A man who killed his father as he believed he was about to do harm to family members was set free after a trial found that his actions were justified.
On the afternoon of 31st May 1909 William Haughton, a 57 year old father of five, went on one of his regular drinking sprees and returned to his home in Chesterton Street, Garston, demanding his tea. When his wife gave him some cold meat he threw it back at her then filled a basin with water and poured it over her as she sat motionless in a chair.
Haughton went back out and returned at 10pm, by which time his wife and two teenage daughters were in bed. He stayed downstairs for a while playing a piano but at 11.30pm went upstairs and demanded some work trousers. His eldest son, also William, was woken by the commotion and remonstrated with his father, leading to the two men exchanging punches.
A few hours later Haughton died in hospital, having given a statement saying he had been hit four or five times on the head with a poker as he lay defenceless on the floor. A post mortem revealed that his skull had been fractured in two places. However when he was arrested the son William said the two men had fallen down together and fearing for his safety, he had struck out with the poker in self defence.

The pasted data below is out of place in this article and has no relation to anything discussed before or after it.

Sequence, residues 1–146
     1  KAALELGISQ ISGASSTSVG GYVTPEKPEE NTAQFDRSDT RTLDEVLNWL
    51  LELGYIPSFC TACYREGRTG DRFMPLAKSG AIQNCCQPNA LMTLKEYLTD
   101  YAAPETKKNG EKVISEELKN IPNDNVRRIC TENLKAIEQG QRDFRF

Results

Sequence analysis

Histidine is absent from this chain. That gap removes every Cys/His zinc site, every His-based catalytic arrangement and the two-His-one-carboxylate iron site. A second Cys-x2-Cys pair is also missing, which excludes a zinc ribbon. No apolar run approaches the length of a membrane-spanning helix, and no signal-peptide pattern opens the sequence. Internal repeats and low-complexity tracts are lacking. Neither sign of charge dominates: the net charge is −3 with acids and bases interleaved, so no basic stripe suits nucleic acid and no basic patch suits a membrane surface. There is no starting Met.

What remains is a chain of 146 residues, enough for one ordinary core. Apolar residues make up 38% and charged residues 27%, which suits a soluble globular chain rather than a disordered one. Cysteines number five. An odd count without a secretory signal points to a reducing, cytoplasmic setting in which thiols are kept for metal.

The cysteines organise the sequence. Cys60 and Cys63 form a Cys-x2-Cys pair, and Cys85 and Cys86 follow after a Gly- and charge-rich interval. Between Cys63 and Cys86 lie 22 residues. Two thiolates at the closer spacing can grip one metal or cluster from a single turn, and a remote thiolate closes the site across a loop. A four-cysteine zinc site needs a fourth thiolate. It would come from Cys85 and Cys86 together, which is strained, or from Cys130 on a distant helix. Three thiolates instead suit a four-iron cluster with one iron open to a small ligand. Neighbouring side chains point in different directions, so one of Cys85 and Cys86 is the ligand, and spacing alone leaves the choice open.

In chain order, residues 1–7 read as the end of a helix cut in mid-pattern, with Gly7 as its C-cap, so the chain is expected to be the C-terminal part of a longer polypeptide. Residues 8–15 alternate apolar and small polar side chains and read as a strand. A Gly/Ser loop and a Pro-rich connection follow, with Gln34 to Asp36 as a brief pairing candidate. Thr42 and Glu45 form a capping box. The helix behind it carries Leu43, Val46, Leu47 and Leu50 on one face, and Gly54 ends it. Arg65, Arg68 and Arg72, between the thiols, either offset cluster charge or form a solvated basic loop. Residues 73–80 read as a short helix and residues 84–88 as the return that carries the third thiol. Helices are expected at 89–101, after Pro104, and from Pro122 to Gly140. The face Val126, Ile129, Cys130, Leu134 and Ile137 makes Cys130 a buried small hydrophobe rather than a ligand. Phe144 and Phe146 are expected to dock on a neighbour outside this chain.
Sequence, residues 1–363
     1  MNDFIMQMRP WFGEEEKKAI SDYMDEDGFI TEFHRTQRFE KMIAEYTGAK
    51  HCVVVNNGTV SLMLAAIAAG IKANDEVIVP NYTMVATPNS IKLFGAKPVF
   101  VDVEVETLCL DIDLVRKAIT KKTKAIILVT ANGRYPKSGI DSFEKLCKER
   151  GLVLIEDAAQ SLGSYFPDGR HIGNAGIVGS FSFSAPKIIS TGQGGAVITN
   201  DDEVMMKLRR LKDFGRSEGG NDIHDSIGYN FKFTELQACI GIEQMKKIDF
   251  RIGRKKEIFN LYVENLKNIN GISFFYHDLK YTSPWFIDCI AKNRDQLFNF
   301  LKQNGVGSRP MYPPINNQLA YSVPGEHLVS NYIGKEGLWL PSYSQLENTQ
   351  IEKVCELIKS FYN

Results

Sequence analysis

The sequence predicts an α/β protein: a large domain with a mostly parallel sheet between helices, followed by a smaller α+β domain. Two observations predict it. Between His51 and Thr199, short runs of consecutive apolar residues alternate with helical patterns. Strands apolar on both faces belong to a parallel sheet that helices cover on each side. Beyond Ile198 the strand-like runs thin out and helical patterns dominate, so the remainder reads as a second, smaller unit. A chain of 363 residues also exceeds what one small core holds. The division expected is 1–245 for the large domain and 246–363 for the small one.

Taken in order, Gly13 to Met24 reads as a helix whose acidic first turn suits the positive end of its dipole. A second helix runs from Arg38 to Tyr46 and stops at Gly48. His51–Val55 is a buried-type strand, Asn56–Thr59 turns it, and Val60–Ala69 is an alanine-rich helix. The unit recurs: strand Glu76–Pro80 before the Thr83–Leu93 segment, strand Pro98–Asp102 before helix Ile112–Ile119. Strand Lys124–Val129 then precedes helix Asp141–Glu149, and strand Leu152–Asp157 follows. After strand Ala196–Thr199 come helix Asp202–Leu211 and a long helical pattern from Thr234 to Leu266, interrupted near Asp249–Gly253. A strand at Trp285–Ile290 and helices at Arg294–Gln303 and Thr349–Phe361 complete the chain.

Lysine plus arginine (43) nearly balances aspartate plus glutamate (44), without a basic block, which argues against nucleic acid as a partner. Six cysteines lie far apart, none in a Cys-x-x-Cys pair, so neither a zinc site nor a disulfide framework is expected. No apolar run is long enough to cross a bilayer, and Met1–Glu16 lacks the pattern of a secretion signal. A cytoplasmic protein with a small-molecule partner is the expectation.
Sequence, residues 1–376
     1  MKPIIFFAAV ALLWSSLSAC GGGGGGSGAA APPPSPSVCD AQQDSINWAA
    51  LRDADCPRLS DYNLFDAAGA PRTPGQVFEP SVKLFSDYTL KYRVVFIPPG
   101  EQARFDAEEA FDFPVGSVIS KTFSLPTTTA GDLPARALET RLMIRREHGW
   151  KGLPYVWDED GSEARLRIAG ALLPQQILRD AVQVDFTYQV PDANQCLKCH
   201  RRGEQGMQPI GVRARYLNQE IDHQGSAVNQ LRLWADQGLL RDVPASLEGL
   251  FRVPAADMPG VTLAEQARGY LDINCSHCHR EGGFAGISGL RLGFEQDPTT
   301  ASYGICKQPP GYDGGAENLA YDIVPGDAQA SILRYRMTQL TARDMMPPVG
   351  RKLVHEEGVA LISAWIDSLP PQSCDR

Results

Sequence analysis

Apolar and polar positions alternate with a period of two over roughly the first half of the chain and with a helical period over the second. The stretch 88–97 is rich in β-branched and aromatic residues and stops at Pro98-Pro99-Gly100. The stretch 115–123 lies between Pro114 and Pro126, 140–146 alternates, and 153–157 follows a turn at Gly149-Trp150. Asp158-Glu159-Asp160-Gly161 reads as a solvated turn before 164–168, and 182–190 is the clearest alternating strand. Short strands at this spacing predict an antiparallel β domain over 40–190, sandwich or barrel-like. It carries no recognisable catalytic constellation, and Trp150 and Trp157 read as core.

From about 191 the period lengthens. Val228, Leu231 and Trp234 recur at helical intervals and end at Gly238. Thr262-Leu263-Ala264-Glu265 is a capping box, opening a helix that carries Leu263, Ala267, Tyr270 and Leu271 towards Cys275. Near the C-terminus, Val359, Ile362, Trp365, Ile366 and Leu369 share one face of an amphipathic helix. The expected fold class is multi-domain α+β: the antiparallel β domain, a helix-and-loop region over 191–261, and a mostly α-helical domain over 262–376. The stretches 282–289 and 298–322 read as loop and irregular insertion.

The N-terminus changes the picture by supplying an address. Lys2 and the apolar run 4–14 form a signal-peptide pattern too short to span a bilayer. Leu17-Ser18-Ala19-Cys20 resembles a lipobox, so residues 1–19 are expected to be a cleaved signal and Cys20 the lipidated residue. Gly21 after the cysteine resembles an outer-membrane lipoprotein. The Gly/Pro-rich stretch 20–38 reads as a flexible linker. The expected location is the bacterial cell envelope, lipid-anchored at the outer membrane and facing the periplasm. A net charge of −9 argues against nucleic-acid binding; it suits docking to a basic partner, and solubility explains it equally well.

William was charged with murder and appeared before Lord Chief Coleridge on 20th July. A statement that he had made on arrest was read out, in which he said 'I am sorry for what I have done, I hit him over the head five times with a poker to prevent him ill using my mother who is an invalid. I heard him beating my mother , I rushed and done my best to stop him.' William's sixteen year old sister Emily told the court that her brother was the one who put most money into the house and that her father had him pinned to the ground when he got hold of the poker.
The Reverend T P Howe gave William a character reference, saying he had been attending church twice a day for three years and that he was a 'quiet, inoffensive and respectable member of the community.' In the final submission, William's defence counsel suggested that his intervention was justified and that if he hadn't done so, his father may well have been there on trial instead.
Without leaving their box the jury returned a verdict of not guilty of both manslaughter and murder. There was loud applause from the public gallery which was quickly suppressed. After the judge said 'Simple justice has been done, there is no occasion for applause' William was released.